The method of an embodiment in accordance with the principles of the present invention also comprises the steps of: sensing a patient's heartbeat; determining the intervals between heartbeats; upon detection of an average tachycardia rate, starting a duration timer to time a pre-determined time period and treating for tachycardia in accordance with a programmed routine; if sinus is detected during the predetermined time period, then clearing the duration timer; if fibrillation is detected during the predetermined time period, then clearing the duration timer and treating for fibrillation; and if tachycardia continues for the predetermined time period, then commencing fibrillation therapy.
In the illustrative embodiment, the step of determining the intervals between heartbeats includes the step of averaging a selected number of heartbeats.
The method of an embodiment of the present invention also comprises the steps of: sensing a patient's heartbeat; determining the intervals between heartbeats; if the heartbeats exceed a first rate, then treating for an arrhythmia; and continuing to treat for an arrhythmia unless the heartbeat rate declines to below a second rate, with the second rate being lower than the first rate. This allows use of a higher arrhythmia detection rate in a tiered defibrillator, without the disadvantage of failing to terminate slower arrhythmias that might result from the therapy.
The method of an embodiment of the present invention also includes the steps of: sensing a patient's heartbeat, determining the intervals between heartbeats; determining the ratio of sinus intervals to arrhythmia intervals; treating for arrhythmia only if the number of arrhythmias exceed the number of sinus intervals notwithstanding that the average of the sinus and arrhythmia intervals is shorter than sinus rhythm. This prevents the system from inappropriately detecting a bigeminal rhythm as an arrhythmia.
A more detailed explanation of the invention is provided in the following description and claims, and as illustrated in the accompanying drawings.
FIG. 1 is a block diagram of an implantable pacer/defibrillator system constructed in accordance with the principles of the present invention.
FIG. 2 is a flow chart of the arrhythmia discrimination method of the system of FIG. 1.
FIG. 3 is a flow chart of the bin interval block from the flow chart of FIG. 2.
FIG. 4 is a flow chart of the determine rhythm block from the flow chart of FIG. 2.
FIG. 5 is a flow chart of the interval alternans diamond from the flow chart of FIG. 2.
Referring to FIG. 1, the block diagram for the implantable defibrillator includes four ICs and a set of high voltage discretes. The battery produces a positive voltage with respect to ground that varies from about 6.4 volts when new, to 5.0 volts at the end of service. The battery directly powers IC2 30 and the high voltage discretes 60.
IC2 contains a band-gap reference circuit 31 that produces 1.235 volts, and 3 volt regulator that powers the microprocessor 90, IC1 70, and the ECG storage RAM 77 through line 100. The 3 volt regulator runs off of a switched capacitor V 2/3 battery voltage down converter 33 for improved efficiency.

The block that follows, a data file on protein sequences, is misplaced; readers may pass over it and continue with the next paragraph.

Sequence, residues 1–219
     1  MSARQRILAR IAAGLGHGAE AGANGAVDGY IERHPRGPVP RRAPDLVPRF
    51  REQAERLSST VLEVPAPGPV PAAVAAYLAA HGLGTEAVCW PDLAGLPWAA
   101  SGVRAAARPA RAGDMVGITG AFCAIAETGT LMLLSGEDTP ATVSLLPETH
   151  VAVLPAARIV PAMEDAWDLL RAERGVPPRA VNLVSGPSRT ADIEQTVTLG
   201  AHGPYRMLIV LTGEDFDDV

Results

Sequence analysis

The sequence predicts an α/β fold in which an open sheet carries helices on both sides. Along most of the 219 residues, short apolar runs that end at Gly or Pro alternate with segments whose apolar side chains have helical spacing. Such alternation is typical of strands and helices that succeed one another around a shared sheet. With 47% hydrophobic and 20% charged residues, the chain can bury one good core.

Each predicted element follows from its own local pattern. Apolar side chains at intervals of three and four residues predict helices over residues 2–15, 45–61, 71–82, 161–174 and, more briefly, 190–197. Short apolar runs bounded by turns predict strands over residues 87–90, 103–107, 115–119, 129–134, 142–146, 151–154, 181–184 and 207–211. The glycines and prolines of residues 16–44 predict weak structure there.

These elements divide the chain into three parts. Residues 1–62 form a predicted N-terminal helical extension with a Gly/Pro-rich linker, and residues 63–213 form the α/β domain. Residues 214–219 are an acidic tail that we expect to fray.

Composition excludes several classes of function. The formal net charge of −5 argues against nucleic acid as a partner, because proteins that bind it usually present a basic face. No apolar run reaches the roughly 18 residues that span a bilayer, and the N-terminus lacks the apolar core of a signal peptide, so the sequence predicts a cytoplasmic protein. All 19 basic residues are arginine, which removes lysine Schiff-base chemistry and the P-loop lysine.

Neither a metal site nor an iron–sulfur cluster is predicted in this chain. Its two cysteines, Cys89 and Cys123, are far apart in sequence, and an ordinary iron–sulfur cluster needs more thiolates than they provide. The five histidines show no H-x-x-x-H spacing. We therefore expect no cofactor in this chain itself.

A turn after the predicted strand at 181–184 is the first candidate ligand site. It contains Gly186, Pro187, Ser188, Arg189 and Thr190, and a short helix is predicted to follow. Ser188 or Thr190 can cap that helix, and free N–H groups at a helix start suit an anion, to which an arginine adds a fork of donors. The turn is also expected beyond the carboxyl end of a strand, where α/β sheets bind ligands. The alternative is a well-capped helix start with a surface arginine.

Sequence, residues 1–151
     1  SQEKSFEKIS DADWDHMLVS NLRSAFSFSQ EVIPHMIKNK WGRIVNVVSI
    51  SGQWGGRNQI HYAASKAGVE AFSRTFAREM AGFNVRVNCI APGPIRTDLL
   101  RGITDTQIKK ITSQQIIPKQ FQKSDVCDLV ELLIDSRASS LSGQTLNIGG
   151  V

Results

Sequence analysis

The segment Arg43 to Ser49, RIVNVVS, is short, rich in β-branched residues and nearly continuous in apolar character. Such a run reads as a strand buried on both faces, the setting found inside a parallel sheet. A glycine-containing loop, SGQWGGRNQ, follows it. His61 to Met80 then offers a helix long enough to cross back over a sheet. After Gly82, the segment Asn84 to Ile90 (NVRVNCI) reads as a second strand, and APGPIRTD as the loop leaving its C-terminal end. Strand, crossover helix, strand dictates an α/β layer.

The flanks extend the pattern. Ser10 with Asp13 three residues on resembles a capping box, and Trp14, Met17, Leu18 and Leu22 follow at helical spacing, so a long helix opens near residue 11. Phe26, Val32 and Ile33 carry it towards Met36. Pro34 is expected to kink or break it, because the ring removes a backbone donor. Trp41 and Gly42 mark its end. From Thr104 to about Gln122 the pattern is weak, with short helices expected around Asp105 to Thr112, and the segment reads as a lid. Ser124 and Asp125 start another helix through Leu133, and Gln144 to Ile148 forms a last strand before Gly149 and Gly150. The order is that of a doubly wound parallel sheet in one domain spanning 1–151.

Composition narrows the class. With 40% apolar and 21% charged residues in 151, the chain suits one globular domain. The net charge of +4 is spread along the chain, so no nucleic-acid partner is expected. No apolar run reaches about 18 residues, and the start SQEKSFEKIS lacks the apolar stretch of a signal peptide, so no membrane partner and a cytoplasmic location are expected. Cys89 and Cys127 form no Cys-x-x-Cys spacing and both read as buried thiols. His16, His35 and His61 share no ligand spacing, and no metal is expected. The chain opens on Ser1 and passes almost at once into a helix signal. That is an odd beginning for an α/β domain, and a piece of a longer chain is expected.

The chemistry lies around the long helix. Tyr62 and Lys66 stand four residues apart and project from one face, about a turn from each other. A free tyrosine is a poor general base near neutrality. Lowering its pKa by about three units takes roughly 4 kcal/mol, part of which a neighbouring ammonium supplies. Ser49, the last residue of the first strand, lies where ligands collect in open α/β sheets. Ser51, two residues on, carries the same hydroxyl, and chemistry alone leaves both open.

The microprocessor 90 communicates with IC2 through a data and address bus 83 and an on-chip interface 34 that contains chip-select, address decoding and data bus logic as is typically used with microprocessor peripherals. The internal bus 35 allows the microprocessor to control a general purpose ADC 36, the atrial pace circuits 37, the ventricular pace circuits 38, and the HV control and regulate block 39.
The ADC 36 is used by the microprocessor to measure the battery and other diagnostic voltages within the device.
The atrial pace circuits 37 include a DAC that provides the ability to pace at regulated voltages. It communicates with the atrium of a heart 40 through two lines. One line 41 is a switchable ground; the other line 42 is the pacing cathode and is also the input to the atrial sense amplifier, as will be described below.
The ventricular pace circuits 37 include a DAC that provides the ability to pace at regulated voltages. It communicates with the ventricle of a heart 40 through two lines. One line 43 is a switchable ground; the other line 44 is the pacing cathode and is also the input to the ventricular sense amplifier, as will be described below.
Both the atrial and ventricular pace lines pass through high voltage protection circuits 45 to keep the defibrillation voltages generated by the device from damaging the pacing circuits 37 and 38.
The HV control and regulate block 39 on IC2 30 is used by the microprocessor 90 to charge a high voltage capacitor included in the HV charge block 46 to a regulated voltage, and then to deliver the defibrillating pulse to the heart 40 through the action of switches in the HV delivery block 47. An HV sense line 48 is used by the HV regulation circuits 39 to monitor the defibrillating voltage during charging. An HV control bus 49 is used by the HV control circuits 39 to control the switches in the HV delivery block 47 for delivering the defibrillating pulse to the electrodes 52, 53 through lines 50 and 51.
IC1 70 is another microprocessor peripheral and provides timing, interrupt, telemetry, ECG storage, and sensing functions.